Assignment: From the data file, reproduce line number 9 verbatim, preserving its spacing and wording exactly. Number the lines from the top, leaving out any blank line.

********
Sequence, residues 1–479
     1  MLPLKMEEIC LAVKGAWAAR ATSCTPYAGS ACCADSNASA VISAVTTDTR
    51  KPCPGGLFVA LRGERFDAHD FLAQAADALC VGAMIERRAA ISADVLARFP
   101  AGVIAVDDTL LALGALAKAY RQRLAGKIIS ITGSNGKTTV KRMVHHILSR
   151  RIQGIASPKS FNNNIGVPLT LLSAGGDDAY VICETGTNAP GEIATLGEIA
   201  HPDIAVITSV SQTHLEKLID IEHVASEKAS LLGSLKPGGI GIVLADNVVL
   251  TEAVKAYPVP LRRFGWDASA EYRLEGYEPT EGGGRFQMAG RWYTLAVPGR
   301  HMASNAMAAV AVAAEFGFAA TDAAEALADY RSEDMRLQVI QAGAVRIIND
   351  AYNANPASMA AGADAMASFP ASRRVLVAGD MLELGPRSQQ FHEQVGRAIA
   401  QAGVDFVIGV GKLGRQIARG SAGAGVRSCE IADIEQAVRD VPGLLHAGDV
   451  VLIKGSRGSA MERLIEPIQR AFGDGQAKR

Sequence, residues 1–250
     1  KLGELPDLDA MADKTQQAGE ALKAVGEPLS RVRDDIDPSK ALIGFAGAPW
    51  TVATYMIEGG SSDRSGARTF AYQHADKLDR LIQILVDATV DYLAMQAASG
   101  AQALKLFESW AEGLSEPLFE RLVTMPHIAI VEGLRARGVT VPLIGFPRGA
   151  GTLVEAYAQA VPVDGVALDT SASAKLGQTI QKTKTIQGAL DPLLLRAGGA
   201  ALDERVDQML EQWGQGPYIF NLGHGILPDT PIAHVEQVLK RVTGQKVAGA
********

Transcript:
   351  AYNANPASMA AGADAMASFP ASRRVLVAGD MLELGPRSQQ FHEQVGRAIA